Choking is actually the blockage of the upper airway by food or any other objects. It prevents proper breathing in a person. Choking leads to usual coughing fit but absolute blockage of the airway can cause death. Choking is a medical emergency which calls for appropriate, fast action for anyone who is available. Emergency medical teams may not be available on time to save the life of a choking person. Breathing is a very important part of life. While inhaling, we breathe in a mixture of carbon dioxide, oxygen, nitrogen and other gasses.
Oxygen enters the bloodstream in the lungs which travel into the rest of the body. Oxygen is used by our body as a fuel to make energy from the food we consume. The waste product, carbon dioxide enters the bloodstream and gets back to the lungs. We breathe out nitrogen, carbon dioxide, and oxygen when we exhale. When something is choking and blocking the airway, oxygen cannot enter the lungs. The brain is very sensitive to the oxygen supply. When it lacks, the brain starts to die within 4 to 6 minutes. The first aid should take place during this time. Within just 10 minutes, it causes irreversible brain death.
Causes of Choking
When a piece of food is stuck in the upper airway, choking occurs. There are two openings in the back of your mouth. One is trachea through which opening air passes to enter into the lungs. Other is esophagus through which food goes down to the stomach. When you swallow something, the trachea is roofed by the flap, which is known as epiglottis. It keeps food from entering the lungs. Trachea splits into the right and left stem, bronchus. It leads to the right and left lungs. They branch into smaller tubes when they spread through the lungs. Any object ending in the airway will get stuck when the airway narrows down. A lot of large objects are stuck within the trachea at the vocal cords.
Choking occurs most often due to improper chewing of food in adults. If you laugh or talk while eating, a piece of food may enter the wrong pipe. It may slow down the normal swallowing system if you are taking drugs or drinking alcohol. Some of the common risk factors in older adults is poor fitting dental work, aging and consumption of alcohol. In children, some of the common causes are improper chewing of food, trying to eat a lot of food, swallowing hard candy, and trying to eat a large bite. Kids also put small objects in the mouth which gets clogged in their throat. For example, coins, pins, or marbles are biggest choking hazards.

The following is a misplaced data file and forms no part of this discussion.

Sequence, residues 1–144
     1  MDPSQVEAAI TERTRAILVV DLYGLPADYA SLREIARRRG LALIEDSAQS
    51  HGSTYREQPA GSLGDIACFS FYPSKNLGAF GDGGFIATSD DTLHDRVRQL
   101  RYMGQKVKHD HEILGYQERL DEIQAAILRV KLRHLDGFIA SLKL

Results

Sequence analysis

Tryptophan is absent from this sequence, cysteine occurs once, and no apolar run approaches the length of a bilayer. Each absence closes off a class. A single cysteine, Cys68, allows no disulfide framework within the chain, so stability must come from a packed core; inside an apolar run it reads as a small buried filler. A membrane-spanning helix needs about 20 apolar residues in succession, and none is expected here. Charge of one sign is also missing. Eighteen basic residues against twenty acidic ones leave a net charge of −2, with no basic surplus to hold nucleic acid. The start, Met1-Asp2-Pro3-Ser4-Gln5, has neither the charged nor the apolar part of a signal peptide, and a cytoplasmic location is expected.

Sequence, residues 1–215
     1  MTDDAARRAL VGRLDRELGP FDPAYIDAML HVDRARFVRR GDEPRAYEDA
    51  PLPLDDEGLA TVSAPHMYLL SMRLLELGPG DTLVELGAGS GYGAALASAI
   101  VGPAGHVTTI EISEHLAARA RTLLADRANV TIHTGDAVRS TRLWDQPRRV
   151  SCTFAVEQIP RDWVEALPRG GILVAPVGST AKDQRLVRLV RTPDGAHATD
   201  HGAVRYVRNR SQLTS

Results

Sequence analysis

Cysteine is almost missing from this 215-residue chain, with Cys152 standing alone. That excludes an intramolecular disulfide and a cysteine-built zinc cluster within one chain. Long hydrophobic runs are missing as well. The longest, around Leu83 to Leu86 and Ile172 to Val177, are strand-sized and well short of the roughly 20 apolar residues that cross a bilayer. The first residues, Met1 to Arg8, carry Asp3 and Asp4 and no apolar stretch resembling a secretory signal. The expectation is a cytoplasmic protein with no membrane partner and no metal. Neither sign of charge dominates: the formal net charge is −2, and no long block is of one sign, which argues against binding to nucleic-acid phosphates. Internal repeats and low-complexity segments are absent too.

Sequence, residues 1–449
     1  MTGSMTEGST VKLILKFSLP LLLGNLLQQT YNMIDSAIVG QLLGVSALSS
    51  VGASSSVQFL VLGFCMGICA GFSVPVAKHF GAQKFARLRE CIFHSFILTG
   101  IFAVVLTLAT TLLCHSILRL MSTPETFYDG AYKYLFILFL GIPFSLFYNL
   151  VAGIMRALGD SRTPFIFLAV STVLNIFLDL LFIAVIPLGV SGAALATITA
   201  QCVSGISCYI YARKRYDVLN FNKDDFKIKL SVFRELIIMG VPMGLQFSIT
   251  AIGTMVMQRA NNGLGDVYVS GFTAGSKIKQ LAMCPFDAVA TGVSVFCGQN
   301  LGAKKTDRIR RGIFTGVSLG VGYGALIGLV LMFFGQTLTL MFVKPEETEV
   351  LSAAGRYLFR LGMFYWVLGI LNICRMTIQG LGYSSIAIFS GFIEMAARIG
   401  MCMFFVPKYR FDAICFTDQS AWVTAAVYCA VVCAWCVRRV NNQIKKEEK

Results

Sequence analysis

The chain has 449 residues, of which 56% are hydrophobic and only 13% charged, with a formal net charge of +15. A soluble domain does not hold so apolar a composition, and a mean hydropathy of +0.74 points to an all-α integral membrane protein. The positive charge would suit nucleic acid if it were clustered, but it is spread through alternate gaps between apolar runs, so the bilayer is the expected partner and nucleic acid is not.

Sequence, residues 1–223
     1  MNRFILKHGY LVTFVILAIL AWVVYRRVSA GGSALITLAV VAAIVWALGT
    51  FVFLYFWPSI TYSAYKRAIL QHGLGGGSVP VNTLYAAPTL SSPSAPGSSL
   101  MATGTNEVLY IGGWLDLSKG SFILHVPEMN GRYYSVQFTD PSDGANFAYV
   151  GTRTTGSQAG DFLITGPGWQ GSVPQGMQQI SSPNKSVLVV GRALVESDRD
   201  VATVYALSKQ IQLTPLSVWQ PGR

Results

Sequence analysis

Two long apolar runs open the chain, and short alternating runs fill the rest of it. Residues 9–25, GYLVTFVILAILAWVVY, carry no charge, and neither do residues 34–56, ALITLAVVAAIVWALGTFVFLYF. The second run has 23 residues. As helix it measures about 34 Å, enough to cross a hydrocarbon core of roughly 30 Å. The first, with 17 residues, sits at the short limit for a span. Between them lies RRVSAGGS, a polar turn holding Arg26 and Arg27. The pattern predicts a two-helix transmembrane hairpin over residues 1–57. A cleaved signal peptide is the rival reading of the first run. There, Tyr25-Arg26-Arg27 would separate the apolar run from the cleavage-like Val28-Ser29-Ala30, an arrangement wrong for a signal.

In adults, you may find these symptoms –
Emergency personnel may provide the life support to the person to help him breathe at the hospital and in the ambulance. Doctor may perform various procedures and tests at the hospital in order to figure out the cause of choking and to ensure that no other objects block the airway.
When emergency medical services (EMS) arrive, treatment starts on the spot. They can treat the choking person in different ways. Along with being skilled in CPR and choking treatment, they can also help the patients with several tools to clear the airway.
In this process, a breathing tube is inserted into the windpipe of a person. It may push the object blocking the airway, to provide enough air to the lungs. This way, a metal scope is inserted into the back of the throat in order to help check out the vocal cords and the opening of the trachea is marked. While using this scope, if object causes obstruction is spotted, it will be removed using Magill forceps.
If this attempt is failed, the EMS personnel perform cricothyrotomy, a surgical procedure. In this procedure, the neck is cut to make a hole in the airway with which they insert the breathing tube below the Adam’s apple. The tube is inserted below the spot which is blocked.
If you are stuck in this situation ever as an observer, you need to get trained in life-saving, simple choking treatment method. Most of the training classes are offered through the American Red Cross, American Heart Association, worksites, hospitals, and various local organizations.
Prevention for Kids
Don’t provide hard candies or small objects to young children who can get stuck in the airways, such as seeds, nuts, peas, gums and solid meats. Don’t give these foods to the child below 4 years. Before serving sausages, hot dogs, and grapes, cut them into small pieces. Keep an eye on small pieces on toys like noses and eyes on soft toys, because they might be tempted to put it in their mouth.